We were always very poor, especially after "Daddy" died. I always wore second hand clothes. I was an unattractive child with lank hair and always very thin. I wouldn't wish my childhood on anyone really.
But I'm ok now. smile

seacliff Tue 08-Mar-22 10:09:29

Henetha,. What a tough time you had. Makes me grateful for my normal, not all roses, childhood.

Glad you're happy, or at least ok now.flowers

seacliff Tue 08-Mar-22 10:12:59

Meant to include BigLouis too.

DanniRae Tue 08-Mar-22 10:15:12

Oh henetha what a sad story sad I am so glad that you are ok now smile

henetha Tue 08-Mar-22 10:15:22

Thanks seacliff. I'm fine now; came to terms with it long ago really. Apparently the depression to which I am prone now and then stems from it, but I honestly feel that there are many people who had worst childhoods than mine.

henetha Tue 08-Mar-22 10:16:39

Lovely people, all of you. Thank you so much. One of the nicer things in my life is GN.

Germanshepherdsmum Tue 08-Mar-22 10:17:55

How very sad. I was an only child though I was aware that Dad would have preferred me to have been a boy.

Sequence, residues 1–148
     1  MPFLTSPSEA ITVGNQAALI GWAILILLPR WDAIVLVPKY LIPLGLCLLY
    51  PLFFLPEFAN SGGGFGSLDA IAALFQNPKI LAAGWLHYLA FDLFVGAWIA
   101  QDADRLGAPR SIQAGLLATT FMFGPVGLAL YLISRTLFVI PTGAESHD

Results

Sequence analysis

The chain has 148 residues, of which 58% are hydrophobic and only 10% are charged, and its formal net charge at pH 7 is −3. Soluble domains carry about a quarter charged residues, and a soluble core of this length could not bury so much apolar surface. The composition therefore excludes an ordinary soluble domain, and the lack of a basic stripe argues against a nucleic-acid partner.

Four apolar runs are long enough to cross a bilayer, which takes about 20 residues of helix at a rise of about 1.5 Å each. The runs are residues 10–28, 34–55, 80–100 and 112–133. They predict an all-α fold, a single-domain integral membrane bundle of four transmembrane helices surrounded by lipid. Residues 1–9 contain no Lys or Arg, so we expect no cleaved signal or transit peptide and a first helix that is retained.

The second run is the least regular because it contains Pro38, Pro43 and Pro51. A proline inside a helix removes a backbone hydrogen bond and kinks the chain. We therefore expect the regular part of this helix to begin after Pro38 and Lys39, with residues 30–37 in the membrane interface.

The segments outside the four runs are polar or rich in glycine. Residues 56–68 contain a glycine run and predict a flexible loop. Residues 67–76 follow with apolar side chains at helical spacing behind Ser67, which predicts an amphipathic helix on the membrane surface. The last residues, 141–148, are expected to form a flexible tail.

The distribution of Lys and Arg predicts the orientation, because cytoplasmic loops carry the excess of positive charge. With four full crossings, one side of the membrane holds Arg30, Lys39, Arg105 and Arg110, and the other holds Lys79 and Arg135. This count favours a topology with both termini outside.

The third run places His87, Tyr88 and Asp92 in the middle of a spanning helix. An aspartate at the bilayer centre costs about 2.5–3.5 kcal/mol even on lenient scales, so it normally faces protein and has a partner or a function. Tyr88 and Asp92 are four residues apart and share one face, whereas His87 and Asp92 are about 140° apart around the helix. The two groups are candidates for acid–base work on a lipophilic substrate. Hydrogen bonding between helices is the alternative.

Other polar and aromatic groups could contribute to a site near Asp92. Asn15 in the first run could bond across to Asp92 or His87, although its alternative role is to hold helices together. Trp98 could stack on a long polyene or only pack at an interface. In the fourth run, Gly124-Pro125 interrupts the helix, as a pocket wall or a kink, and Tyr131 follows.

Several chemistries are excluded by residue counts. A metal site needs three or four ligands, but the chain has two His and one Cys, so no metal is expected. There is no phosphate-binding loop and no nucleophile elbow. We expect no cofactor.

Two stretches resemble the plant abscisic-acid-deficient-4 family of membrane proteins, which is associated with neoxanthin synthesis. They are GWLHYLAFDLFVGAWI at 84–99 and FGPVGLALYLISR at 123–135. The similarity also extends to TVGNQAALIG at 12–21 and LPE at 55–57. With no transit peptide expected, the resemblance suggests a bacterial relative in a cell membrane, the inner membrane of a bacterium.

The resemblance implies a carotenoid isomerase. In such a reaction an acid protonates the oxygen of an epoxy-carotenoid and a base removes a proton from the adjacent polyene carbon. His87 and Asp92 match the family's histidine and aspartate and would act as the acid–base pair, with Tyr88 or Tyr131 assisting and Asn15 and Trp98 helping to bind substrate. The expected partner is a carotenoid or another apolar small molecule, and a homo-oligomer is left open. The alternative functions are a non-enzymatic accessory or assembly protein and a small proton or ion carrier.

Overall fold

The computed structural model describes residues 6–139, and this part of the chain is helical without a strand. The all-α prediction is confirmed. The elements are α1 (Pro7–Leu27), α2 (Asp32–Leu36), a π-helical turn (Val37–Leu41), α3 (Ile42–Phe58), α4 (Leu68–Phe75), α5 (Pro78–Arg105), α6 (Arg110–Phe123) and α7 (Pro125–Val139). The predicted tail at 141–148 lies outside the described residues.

GagaJo Tue 08-Mar-22 10:46:29

My brother was the favourite. In retrospect, I can kind of see why. He was a quiet, sweet little boy, never really any trouble, while I was a handful.

I don't really recall having a huge issue about him being the favourite. Certainly we were very poor and had quite a bad childhood (not going into details here) but so were many of the families I knew. It was how life was for working class people. He suffered a lot during and after our parents divorce, and while I did too, it really hurt me to see that sweet little boy being damaged.

He continued to be my mother's favourite into her elderly years. To be fair, he made much more effort with her than I did and his family took on the role that would usually fall to the daughter and her family. He stayed in the area she lived in, while I left at 17 and never moved back there.

I'm pretty sure all parents have a favourite. Being the eldest and not the favourite helped to make me the very independent woman I am today. I learned early on that the only person I could depend on was myself. That has served me well. I've never been dependent on a man as many women I've known are.

LadyGracie Tue 08-Mar-22 11:39:53

I was the golden child, the fifth child of six.
I lived at home the longest, supported my mother when times were difficult.